Day scholars seek redress
After months of considering the options, a pair of First Nations groups led by the Tk’emlups Indian Band (TIB) has decided to launch a class-action lawsuit against the federal government on behalf of residential-school day scholars.
TIB Chief Shane Gottfriedson said he is eager to see the court action move forward and a potential settlement for band members.
“We want to build healthy communities,” he said following a press conference on Wednesday, Nov. 16.
“Right now, there are intergenerational issues, which are not healthy. We feel that this is a first step in getting our people on the right track.”
The TIB and the Sechelt Indian Band have joined together in the suit.
Day scholars are First Nations children who attended residential schools during the day, but went home at night.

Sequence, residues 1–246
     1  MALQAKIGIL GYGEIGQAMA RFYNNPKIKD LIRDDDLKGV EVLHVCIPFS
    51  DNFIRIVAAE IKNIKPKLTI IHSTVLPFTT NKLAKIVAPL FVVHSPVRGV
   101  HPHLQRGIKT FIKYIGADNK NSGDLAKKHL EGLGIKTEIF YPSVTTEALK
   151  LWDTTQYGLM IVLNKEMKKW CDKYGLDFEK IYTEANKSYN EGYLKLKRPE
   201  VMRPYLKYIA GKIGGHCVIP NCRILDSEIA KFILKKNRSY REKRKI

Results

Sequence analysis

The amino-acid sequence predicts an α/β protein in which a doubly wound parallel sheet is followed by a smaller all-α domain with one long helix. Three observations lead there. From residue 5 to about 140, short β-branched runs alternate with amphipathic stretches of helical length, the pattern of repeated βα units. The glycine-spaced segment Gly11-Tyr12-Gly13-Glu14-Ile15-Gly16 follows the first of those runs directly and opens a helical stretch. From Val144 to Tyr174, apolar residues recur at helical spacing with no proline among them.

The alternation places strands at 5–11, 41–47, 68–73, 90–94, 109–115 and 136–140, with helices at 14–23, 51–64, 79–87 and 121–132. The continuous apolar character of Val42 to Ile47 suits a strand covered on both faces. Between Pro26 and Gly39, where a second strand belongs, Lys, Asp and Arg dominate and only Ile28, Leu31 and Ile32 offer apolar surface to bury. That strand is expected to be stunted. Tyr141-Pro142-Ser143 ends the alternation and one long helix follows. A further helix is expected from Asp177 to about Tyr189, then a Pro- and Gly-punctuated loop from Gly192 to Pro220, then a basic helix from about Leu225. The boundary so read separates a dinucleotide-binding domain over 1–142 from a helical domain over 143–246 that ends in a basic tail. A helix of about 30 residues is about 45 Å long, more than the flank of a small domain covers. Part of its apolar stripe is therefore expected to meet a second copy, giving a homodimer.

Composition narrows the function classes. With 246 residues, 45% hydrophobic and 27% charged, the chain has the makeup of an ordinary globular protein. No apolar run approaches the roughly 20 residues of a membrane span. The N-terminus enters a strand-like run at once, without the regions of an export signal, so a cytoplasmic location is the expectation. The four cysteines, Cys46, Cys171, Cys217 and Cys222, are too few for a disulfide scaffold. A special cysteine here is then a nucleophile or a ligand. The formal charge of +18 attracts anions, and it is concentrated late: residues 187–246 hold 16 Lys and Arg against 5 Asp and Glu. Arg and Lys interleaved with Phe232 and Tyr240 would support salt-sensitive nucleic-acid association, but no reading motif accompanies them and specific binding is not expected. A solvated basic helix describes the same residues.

They have been said to have suffered the same abuses as their counterparts who lived in the schools.
However, day scholars were not included i
n $1.9-billion residential-school settlement with the federal government signed back in 2008.
The day scholars are looking for compensation for loss of culture, language, traditions and for traumas suffered at the schools.
There are about 200 TIB members and another 140 Sechelt band members believed to have attended residential schools as day scholars.
Len Marchand Jr., one of the lawyers for the bands, said the bands are seeking a similar settlement as the residential-school victims.
“I think the losses are equivalent,” he said.
However, Marchand suggested the court case needs to be advanced before the bands can sit down with the federal government and negotiate a settlement.
He noted the bands haven’t officially filed the suit, as their legal counsel is considering whether to file in B.C. Supreme Court or in federal court.
Marchand couldn’t say how much the suit and possible settlement could be worth.
“It’s a very large issue that affects a great number of people and, if there is a financial settlement, it would be substantial.”